Wednesday, March 20, 2013

How can Swollen Uvula Be Treated?

Here’s a summary of some ways to get swollen uvula. It is commonly a result of snoring while you sleep. In other people,  this seems to be after a night of heavy drinking, often combined with smoking. For a few people it has been after snorting drugs and in some folks just a particularly deep sleep. Swollen Uvula appears to respond well to cold drinks and ice cream. But some other ways that you can get a swollen uvula? Some other causes:
  • Consuming alcohol too much.
  • Smoking alot
  • Dehydration
  • Viral and bacterial infections.
  • Tonsillitis and other various allergies
  • Snoring when sleeping.
  • Acid reflux
  • Throat get infections
How can Swollen Uvula Be Treated?

Although a swollen uvula can be treated at home, there is instances where in the necessity for seeking professional help ought to be done. In extreme swelling and the condition lasts for over 24-48 hours, the patient ought to see a doctor. Depending on the cause of the Swollen Uvula, there are many different types of remedies and treatment that we recommended:
  • If you dehydration, a dry of your mouth or throat is causing the swelling, you should increase your intake of fluids especially water and orange juice as soon as possible.
  • In other way, swollen uvula can be treated with salt-water gargles to reduce your pain and inflammation.
  • If the Swollen Uvula cause by a viral or bacterial infection, the appropriate medication ought to be taken. Antibiotics will help you get out of a bacterial infection while over-the-counter painkillers or anti-inflammatory drugs may help you with a viral infection.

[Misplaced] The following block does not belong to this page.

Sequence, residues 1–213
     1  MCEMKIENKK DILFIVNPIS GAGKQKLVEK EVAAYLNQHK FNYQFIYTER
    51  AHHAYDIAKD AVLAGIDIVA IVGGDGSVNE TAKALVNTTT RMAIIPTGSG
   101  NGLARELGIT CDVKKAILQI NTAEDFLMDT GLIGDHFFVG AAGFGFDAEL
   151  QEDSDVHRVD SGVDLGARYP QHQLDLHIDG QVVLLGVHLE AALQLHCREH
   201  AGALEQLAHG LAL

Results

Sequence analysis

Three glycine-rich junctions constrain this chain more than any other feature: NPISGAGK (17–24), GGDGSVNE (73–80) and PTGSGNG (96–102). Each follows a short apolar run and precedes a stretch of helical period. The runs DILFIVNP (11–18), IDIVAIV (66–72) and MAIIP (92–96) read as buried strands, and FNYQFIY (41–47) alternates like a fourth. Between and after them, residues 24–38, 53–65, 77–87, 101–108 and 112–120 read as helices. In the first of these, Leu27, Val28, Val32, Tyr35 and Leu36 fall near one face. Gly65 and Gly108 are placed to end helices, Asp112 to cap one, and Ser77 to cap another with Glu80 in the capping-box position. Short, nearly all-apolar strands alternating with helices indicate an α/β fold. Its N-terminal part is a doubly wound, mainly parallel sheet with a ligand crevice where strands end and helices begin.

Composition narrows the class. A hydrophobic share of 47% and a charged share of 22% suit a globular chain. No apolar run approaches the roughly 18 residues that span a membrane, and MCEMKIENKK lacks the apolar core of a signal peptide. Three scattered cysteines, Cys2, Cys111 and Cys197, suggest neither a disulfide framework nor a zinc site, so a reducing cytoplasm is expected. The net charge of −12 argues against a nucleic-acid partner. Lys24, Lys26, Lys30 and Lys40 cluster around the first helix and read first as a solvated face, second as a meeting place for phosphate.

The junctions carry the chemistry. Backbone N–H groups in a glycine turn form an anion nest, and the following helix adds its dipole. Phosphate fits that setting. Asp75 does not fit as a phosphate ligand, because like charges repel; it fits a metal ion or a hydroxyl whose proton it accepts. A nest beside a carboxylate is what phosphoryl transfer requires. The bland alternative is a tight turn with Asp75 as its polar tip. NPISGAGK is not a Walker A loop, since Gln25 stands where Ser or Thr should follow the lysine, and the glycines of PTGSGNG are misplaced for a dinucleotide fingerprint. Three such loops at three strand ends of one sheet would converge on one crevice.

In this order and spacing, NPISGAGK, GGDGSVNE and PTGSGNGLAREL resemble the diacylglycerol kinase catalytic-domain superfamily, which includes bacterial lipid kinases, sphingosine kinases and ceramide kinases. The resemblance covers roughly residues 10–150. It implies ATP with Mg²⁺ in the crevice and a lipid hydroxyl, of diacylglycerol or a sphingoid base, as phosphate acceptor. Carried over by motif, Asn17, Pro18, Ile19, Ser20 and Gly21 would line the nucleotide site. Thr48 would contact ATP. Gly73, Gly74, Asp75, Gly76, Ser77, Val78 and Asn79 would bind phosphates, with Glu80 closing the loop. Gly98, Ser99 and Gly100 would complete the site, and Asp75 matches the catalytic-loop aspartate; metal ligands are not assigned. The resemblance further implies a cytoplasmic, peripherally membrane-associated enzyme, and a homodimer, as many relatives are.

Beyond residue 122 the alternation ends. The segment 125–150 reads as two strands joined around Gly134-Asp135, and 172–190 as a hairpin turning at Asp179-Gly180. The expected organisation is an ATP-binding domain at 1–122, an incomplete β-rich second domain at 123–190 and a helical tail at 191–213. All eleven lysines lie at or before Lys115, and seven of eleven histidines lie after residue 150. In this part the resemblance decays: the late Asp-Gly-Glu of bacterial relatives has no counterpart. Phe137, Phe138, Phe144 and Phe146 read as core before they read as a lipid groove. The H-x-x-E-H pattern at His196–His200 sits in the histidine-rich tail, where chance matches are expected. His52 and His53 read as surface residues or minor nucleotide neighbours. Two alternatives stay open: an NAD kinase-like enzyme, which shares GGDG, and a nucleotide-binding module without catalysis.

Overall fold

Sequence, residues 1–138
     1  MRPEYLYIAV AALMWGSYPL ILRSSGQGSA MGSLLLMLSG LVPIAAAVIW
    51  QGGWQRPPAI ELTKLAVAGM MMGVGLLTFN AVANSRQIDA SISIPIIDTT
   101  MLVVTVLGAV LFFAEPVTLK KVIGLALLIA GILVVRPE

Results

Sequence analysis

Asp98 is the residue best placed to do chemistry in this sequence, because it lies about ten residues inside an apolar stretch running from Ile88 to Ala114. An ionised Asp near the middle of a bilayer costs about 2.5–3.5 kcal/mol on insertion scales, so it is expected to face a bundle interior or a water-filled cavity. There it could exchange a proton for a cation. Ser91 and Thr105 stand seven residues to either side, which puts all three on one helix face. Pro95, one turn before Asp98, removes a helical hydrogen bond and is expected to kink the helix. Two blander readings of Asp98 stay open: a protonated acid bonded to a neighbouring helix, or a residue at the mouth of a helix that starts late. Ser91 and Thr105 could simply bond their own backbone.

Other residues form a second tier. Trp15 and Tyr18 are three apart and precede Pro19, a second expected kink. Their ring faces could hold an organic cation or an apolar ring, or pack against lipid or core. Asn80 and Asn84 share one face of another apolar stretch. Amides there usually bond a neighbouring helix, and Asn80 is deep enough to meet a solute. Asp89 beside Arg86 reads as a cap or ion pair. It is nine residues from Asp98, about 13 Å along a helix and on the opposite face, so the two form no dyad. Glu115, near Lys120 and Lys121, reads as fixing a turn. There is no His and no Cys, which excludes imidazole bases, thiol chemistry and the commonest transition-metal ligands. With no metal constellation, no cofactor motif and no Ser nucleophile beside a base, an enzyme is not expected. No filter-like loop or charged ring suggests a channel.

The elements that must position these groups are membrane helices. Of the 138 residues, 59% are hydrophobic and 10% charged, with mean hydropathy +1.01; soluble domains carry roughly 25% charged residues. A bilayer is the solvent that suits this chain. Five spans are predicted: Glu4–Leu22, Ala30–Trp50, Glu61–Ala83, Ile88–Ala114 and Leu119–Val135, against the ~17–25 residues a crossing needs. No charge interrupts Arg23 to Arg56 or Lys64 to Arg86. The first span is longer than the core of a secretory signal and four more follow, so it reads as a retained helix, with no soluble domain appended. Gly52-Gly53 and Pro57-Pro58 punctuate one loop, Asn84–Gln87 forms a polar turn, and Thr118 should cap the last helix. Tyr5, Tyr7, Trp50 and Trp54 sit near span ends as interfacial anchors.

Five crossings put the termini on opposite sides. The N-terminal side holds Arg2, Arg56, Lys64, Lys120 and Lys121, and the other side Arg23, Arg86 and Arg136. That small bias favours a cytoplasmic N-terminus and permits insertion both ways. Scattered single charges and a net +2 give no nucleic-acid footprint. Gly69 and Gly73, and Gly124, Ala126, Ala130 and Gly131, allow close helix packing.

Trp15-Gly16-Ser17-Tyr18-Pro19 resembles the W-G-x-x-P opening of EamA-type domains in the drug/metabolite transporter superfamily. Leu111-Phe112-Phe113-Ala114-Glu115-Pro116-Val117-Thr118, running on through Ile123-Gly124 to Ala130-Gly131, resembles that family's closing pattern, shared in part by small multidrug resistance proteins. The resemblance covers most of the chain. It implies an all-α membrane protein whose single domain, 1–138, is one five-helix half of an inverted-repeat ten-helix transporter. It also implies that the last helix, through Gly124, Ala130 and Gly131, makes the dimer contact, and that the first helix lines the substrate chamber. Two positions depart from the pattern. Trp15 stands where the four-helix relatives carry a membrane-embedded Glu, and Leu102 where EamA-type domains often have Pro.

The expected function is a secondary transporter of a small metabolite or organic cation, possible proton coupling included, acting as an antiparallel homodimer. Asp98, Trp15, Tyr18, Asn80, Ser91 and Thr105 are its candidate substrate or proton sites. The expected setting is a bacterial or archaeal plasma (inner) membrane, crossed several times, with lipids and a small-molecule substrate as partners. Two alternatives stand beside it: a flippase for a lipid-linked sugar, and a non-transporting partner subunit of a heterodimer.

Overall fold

• If the reason by the uvulitis, steroid medications may help reduce the pain, inflammation and redness. By reduce swelling, Antihistamines are often prescribed by doctor.
  • You should need an epinephrine or adrenaline injection to prevent your swelling if the pain of your uvula persists or the swelling recurs.
  • There is usually no require to remove the uvula through surgical procedure to treat the condition. An uvulectomy is only recommended for individuals who suffer from extreme snoring and apnea when sleeping.
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How to Treat a Swollen Uvula

Although a swollen uvula can be treated at home, there are instances wherein the need for seeking professional help should be done. Especially in severe swelling and the condition lasts for more than 24-48 hours, the patient should see a doctor.
Some doctors also recommend adopting a low carbohydrate diet in order to prevent such recurrences. A diet high in fat and carbohydrates in fried meat products, processed and refined foods, white rice and potatoes are believed to trigger plenty of medical conditions leading to your swollen uvula. Your doctor may use a throat spray and they also recommend rinsing with warm saltwater to reduce the inflammation of swollen uvula. Medicine containing honey, lemon or eucalyptus is also believed to bring down the swelling and ease the discomfort.